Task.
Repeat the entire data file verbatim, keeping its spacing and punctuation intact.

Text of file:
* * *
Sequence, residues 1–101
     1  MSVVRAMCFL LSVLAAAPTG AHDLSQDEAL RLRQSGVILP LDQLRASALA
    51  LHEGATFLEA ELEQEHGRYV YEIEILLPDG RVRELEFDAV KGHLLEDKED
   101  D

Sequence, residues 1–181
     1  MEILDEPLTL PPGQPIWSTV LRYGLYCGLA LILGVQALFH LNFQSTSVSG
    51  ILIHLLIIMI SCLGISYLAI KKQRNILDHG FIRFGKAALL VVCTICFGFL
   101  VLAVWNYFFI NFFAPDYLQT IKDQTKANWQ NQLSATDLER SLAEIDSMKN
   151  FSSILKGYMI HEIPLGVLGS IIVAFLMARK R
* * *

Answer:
Sequence, residues 1–101
     1  MSVVRAMCFL LSVLAAAPTG AHDLSQDEAL RLRQSGVILP LDQLRASALA
    51  LHEGATFLEA ELEQEHGRYV YEIEILLPDG RVRELEFDAV KGHLLEDKED
   101  D

Sequence, residues 1–181
     1  MEILDEPLTL PPGQPIWSTV LRYGLYCGLA LILGVQALFH LNFQSTSVSG
    51  ILIHLLIIMI SCLGISYLAI KKQRNILDHG FIRFGKAALL VVCTICFGFL
   101  VLAVWNYFFI NFFAPDYLQT IKDQTKANWQ NQLSATDLER SLAEIDSMKN
   151  FSSILKGYMI HEIPLGVLGS IIVAFLMARK R